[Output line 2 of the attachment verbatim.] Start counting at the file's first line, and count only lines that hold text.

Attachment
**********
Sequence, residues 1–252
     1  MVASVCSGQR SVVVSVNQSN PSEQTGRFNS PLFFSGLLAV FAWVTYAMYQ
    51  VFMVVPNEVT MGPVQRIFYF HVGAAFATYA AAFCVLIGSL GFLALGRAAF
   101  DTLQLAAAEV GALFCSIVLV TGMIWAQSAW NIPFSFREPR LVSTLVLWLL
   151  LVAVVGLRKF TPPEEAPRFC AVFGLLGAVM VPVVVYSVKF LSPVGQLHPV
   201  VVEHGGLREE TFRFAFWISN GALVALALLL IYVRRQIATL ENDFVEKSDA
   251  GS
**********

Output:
     1  MVASVCSGQR SVVVSVNQSN PSEQTGRFNS PLFFSGLLAV FAWVTYAMYQ